A fellow panelist was Columbia’s distinguished Middle East historian Richard Bulliet, who spoke about his “Islamo-Christian” conception, first published in 2004 as “The Case for Islamo-Christian Civilization.” Bulliet’s idea is that theologically, doctrinally, and historically, Islam and Christianity have far more in common than most adherents of either faith tradition realize.

FULL ARTICLE FROM RELIGIOUS NEWS SERVICE 

Muslims, Jews, Christians, Sikhs, Hindus Walk for Unity

B2C36025-6EDD-4F4A-A15B-29BBFAD24264_cx0_cy10_cw0_w1023_r1_sIn a Washington synagogue, Susan Katz Miller sat beside an atheist, a Muslim and a Christian on Sunday.

No joke.

After listening to a Zoroastrian prayer, Miller – a Jew from an interfaith family – and two friends (an atheist and a Muslim), walked down leafy and elegant Embassy Row in Washington. They paid their respects at various churches, broke for an Indian lunch at the Sikh Gurdwara temple, and wound up at the Islamic Center of Washington, where they heard remarks by Imam Abdullah Khouj and listened to the famous Hindu “Gayatri Mantra.”

Close to a thousand people – members of different faiths, most of them residents of Maryland, Virginia or the nation’s capital – joined Miller and her friends at Unity Walk 2017, an annual celebration of diversity and culture held in Washington for the past 12 years. They carried a message of solidarity, caring and inclusiveness on this sunny Sunday afternoon.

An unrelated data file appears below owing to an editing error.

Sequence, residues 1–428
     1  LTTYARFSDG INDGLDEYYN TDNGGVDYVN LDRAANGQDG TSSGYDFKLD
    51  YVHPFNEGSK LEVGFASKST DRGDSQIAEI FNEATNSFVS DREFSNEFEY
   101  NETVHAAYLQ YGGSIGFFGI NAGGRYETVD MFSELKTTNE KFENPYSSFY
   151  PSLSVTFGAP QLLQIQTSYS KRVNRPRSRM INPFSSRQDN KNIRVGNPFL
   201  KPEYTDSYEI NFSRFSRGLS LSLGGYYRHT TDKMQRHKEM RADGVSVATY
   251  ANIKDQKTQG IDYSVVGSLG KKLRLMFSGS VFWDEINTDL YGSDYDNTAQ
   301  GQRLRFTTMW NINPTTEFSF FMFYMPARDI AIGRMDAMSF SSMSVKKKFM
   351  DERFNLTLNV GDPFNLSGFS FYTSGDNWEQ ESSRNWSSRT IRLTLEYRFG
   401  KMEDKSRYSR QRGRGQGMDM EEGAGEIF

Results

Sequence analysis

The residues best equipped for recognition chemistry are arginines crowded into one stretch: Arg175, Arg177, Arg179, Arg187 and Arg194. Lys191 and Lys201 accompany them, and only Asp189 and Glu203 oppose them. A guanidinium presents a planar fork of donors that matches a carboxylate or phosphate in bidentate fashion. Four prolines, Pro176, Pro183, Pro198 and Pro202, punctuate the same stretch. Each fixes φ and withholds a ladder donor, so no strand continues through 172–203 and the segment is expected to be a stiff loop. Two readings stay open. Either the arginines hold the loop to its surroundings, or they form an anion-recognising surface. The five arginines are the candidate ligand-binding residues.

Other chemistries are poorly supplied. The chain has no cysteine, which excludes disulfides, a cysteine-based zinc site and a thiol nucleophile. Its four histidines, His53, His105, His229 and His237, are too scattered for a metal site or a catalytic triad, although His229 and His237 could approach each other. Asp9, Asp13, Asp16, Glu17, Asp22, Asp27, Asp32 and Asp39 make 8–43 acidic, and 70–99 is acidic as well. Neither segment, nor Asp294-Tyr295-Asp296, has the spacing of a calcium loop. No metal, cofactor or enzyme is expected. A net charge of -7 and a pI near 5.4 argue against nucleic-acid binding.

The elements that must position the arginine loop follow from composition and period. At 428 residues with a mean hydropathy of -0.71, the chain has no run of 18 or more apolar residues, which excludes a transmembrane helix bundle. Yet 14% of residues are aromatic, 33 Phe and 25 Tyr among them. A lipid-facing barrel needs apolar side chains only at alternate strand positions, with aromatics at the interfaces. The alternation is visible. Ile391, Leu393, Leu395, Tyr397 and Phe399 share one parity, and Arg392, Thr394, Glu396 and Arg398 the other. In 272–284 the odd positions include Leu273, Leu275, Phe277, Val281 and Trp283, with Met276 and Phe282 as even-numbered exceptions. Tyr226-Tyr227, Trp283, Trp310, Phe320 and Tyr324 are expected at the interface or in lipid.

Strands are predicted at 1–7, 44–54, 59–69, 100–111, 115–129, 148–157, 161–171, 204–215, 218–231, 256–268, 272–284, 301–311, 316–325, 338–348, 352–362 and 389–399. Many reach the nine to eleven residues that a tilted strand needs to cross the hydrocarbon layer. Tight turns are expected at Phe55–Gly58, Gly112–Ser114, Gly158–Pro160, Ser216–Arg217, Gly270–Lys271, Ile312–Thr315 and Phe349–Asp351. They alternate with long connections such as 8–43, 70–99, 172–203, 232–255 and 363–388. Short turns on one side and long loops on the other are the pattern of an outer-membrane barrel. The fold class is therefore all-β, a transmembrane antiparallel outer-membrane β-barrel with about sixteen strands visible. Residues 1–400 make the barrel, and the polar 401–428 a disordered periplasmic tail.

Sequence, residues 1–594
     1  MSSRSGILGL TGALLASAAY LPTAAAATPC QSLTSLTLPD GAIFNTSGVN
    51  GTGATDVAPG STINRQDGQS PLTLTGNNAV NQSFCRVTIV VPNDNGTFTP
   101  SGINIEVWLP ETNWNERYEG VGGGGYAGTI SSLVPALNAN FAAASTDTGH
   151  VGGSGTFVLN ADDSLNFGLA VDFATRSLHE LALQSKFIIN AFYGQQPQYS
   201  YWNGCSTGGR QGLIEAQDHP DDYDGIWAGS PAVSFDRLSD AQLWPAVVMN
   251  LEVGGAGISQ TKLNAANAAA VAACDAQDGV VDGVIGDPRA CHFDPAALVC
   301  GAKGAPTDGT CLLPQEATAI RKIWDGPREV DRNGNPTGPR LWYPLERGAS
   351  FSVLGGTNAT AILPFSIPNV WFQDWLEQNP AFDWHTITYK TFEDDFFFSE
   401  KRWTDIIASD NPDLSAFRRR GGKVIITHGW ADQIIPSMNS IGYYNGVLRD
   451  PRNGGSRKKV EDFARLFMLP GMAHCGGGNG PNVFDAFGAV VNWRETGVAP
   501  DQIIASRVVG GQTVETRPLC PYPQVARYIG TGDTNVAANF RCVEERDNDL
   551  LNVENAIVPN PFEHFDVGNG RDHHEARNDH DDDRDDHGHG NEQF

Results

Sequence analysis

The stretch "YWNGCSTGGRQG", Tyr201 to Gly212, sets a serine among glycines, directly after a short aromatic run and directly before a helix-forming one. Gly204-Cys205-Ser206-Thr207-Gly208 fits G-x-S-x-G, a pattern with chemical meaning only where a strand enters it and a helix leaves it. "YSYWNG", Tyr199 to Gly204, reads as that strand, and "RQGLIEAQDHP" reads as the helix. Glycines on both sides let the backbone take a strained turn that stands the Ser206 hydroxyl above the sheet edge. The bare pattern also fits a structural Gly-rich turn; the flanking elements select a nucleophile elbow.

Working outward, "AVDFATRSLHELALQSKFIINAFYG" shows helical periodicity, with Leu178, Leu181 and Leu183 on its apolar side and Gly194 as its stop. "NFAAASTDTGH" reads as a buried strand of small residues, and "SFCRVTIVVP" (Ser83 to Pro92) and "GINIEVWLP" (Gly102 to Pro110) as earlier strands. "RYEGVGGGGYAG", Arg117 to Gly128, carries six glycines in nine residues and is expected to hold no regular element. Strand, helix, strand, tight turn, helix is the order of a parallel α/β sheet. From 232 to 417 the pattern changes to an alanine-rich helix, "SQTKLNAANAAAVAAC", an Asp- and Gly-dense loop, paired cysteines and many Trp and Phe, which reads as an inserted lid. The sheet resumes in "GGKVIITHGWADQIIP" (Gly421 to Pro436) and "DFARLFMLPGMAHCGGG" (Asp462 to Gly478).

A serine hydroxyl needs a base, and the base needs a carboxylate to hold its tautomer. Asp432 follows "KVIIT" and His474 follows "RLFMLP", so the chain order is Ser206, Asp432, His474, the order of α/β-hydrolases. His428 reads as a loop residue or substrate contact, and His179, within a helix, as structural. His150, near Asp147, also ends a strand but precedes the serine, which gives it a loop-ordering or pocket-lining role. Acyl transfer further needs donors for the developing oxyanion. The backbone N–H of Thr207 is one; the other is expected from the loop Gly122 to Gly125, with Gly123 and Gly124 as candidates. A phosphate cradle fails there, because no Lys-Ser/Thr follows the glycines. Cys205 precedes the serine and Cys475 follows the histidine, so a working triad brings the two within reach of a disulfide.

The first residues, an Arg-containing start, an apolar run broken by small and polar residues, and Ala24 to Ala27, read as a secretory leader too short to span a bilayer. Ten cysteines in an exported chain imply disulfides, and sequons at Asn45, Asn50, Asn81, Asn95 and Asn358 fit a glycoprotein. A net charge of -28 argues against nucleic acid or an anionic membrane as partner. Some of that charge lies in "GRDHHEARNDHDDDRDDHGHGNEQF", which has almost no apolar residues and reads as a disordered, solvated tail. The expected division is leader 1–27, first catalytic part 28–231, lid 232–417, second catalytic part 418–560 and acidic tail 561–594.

“We want to model that people do care about each other and want to learn about each other,” said Rabbi Gerald Serotta, executive director of the InterFaith Conference of Metropolitan Washington.

“We believe God intends us to learn from each other,” he said.

According to Rasit Telbisoglu, program director at the Rumi Forum, a cosponsor of the DC Unity Walk, the event will help open eyes to the plight of others.

“These events are actually helping us build trust in each other,” Telbisoglu said. “You slowly build up a relationship. … When you do that, it’s hard to harbor prejudice against another community.”

Music director David North conducts interfaith singing group Mosaic Harmony at closing ceremony for Unity Walk 2017 on Sunday 09/10/17 in the U.S. capital. (B. Bradford/VOA)

Music director David North conducts interfaith singing group Mosaic Harmony at closing ceremony for Unity Walk 2017 on Sunday 09/10/17 in the U.S. capital. (B. Bradford/VOA)

 

Interfaith events excellent way to thwart senseless violence

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Guest columnist Zohaib Zafar is a graduate student at Cleveland State University and a member of the Muslim Writers Guild of America.

A few weeks ago, in the Portland train attacks, three people were stabbed after they tried protecting two teenage girls from a terrorist named Jeremy Christian. One of the two girls was Muslim and wore the hijab. Christian told the girls they were nothing and that they should kill themselves, and he also reportedly said, “Muslims should die.”